The Chancellor announced in the budget a package of measures to stimulate business investment, all subject to Royal Assent, including a 2-year increase in the Annual Investment Allowance (AIA) to £1million per year, and a new Capital Allowance for Structures and Buildings (SBA) on most non-residential commercial buildings, of 2% per annum of the construction and or refurbishment cost, which is available over 50 years.
However, the Government has also reduced the Special Rate Pool (SRP) from 8% to 6% and set a date of April 2020 to abolish 100% Enhanced Capital Allowances (ECA). There is also new legislation clarifying allowances for costs of altering land.
We have summarised the key points, but our view is that these changes have increased the complexity to claim. Investors will be required to retain records of their historic cost to pass onto future owners and more detailed analysis for their AIA calculation. With potentially more tax to pay due to the effect of the interest restrictions and overseas companies now coming into UK Corporation tax rules with additional capital gains tax liabilities, the Capital Allowances will be even more important, but increasingly complicated to calculate.
New Structures and Buildings Capital Allowances 2% (SBA)
This tax relief will be welcome for those large infrastructure and construction projects. On the face of it a simple system of claiming 2% per annum whilst you hold the property, then on sale the next purchaser carries on claiming the 2% until the 50 years has elapsed.
The main key points are:
- Available for contracts entered after 29th October 2018
- 2% flat rate, straight line available over 50 years
- Applies to new commercial structures and buildings including renovations and conversions
- Available on UK and overseas structures and buildings where the income is remitted to the UK
- Claims made when structure or buildings first comes into use
- Claimant must have an interest in land
- Dwelling houses will not qualify, subject to further comment
- Sale of asset will not result in adjustment, and next owner can claim on remainder of allowances up to 50 years
- Integral features and plant and machinery will continue at their rates and will also qualify for AIA
- SBA will not qualify for AIA
The technical note does mention several other conditions, which will create a degree of complexity
- Forward funded schemes will require an allocation if not provided
- Transfer to a new purchaser will require evidence of original cost
- Notional allowances will apply when non-tax payers own the property
- The allowances cannot be claimed as well as other allowances, including land remediation relief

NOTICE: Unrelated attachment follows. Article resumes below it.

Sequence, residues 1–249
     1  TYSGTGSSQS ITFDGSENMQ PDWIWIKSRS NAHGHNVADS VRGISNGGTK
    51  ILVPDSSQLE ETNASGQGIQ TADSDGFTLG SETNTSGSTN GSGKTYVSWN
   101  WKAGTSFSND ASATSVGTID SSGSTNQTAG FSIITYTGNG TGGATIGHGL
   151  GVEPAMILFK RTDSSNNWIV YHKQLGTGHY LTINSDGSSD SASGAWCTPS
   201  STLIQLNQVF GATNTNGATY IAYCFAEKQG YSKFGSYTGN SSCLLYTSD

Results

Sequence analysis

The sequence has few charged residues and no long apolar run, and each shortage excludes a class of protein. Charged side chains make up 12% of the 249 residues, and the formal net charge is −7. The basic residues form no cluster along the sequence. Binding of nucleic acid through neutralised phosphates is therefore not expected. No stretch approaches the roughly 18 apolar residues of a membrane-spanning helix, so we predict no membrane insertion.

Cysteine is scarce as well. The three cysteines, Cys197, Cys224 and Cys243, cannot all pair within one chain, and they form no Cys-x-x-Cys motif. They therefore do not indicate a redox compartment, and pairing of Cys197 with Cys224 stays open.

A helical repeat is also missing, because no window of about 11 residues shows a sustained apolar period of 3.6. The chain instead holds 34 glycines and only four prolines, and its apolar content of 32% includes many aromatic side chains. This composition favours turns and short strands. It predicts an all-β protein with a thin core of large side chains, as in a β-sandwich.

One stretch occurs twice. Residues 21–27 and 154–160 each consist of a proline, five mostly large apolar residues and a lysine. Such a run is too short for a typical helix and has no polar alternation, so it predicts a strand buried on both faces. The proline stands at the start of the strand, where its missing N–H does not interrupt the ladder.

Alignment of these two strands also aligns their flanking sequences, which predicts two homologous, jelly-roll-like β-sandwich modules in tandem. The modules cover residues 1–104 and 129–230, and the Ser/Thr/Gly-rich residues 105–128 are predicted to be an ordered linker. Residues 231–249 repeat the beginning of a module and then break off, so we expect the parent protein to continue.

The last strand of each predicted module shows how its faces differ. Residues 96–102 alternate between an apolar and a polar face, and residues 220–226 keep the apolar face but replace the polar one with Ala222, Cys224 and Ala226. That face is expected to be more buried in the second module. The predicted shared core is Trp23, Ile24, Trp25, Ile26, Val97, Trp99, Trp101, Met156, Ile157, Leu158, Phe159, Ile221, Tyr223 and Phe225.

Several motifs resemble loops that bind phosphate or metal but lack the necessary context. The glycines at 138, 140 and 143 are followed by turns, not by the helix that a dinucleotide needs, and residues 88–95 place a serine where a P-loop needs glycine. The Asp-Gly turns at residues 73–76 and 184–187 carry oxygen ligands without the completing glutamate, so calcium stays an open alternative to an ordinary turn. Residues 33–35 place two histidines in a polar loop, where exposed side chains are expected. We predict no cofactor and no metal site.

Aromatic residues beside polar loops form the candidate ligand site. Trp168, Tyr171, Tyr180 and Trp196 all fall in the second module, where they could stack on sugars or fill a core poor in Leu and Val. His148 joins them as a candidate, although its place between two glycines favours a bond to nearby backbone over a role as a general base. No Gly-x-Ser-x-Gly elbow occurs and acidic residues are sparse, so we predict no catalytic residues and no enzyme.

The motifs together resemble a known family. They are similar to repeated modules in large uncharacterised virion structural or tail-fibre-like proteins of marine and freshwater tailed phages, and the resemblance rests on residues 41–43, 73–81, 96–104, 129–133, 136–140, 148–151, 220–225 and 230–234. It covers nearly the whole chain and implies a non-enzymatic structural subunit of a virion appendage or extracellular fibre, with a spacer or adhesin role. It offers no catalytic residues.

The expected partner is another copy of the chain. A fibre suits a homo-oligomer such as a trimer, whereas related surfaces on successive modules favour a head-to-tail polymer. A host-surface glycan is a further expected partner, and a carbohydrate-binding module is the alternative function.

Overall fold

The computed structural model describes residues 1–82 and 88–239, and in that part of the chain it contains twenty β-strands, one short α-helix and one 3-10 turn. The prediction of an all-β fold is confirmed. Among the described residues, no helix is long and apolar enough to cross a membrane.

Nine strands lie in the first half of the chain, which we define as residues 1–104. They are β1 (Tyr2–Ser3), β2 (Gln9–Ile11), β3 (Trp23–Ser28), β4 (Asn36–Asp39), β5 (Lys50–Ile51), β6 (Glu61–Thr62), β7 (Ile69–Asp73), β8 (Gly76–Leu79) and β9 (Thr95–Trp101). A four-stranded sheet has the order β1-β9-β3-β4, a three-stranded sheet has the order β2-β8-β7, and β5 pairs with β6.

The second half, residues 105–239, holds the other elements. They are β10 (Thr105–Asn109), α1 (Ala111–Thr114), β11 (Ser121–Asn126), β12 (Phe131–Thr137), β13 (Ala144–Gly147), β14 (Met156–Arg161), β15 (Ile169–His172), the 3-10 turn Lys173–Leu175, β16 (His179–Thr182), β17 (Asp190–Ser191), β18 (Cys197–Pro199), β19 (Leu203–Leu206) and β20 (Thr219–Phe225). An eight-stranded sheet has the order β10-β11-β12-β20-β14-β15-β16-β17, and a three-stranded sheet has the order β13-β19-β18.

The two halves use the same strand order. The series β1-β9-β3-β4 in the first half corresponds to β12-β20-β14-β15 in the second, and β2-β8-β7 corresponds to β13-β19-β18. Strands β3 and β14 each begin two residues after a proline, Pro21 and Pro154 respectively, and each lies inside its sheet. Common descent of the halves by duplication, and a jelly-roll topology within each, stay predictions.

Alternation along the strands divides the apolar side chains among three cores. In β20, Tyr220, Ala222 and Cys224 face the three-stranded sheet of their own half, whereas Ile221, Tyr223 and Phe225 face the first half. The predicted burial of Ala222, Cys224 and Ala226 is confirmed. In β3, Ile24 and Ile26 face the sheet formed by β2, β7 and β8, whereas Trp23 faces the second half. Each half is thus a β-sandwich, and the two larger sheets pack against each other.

- The allowances reduce the base cost for capital gains tax purposes
We welcome the additional reliefs available but it will have the effect of adding another layer of complexity to a Capital Allowances claim, far from simplifying the process.
HM Revenue and Customs have issued a technical note for SBA, with request for representations on views of the relief.
Increased Annual Investment Allowance £1million (AIA)
The Government previously wanted to give investors certainty and made the current level of AIA of £200,000 a permanent incentive, rather than creating confusion in calculating the benefit through continual historic changes, (£100,000 in 2010, £25,000 in 2012, £250,000 in 2013, £500,000 in 2014), The increase in the AIA to £1,000,000 will apply for a 2 year period from 1 January 2019 to 31st December 2020, before reverting back to £200,000.
Earlier this year, the response from the Office of Tax Simplification when considering an accounting depreciation approach in lieu of Capital Allowances, stated that extending the AIA for those 30,000 tax payers who incur more than the current level would help simplify the process. However, with the introduction of the SBA, businesses will still be keen to still categorise those assets which can be IF or P&M to benefit from the accelerated relief.
The AIA will also apply to assets acquired, which are deemed new expenditure. With the Purchaser potentially gaining more than the Seller in terms of timing, how Capital Allowances are negotiated on future deals may change.
Reducing the Special Rate Pool from 8% to 6%
A further reduction in the rate from 8% to 6%, to align more closely with the life of an asset, will require expenditure on these items to be split before and after the effective date of April 2019. However, a reduction in the rate is offset by the new increased rate for the AIA.
Abolition of Enhanced Capital Allowances 100%
First year 100% allowances are currently available for certain “green” energy efficient items installed within buildings but these allowances will cease from April 2020 with the revenue saved used to fund the Industrial Energy Transformation Fund. Enhanced Capital Allowances has benefited many investors, although identifying them is complicated and time consuming.
Clarification of Allowances for Altering Land
New legislation has amended the current section 21 and 22 of the Capital Allowances Act 2001, which allows the claiming of allowances in relation to the the alteration of the land, as a result of a recent case, SSE Generation Limited v HMRC, concerning the excavation of caverns for the purposes of installing plant and machinery.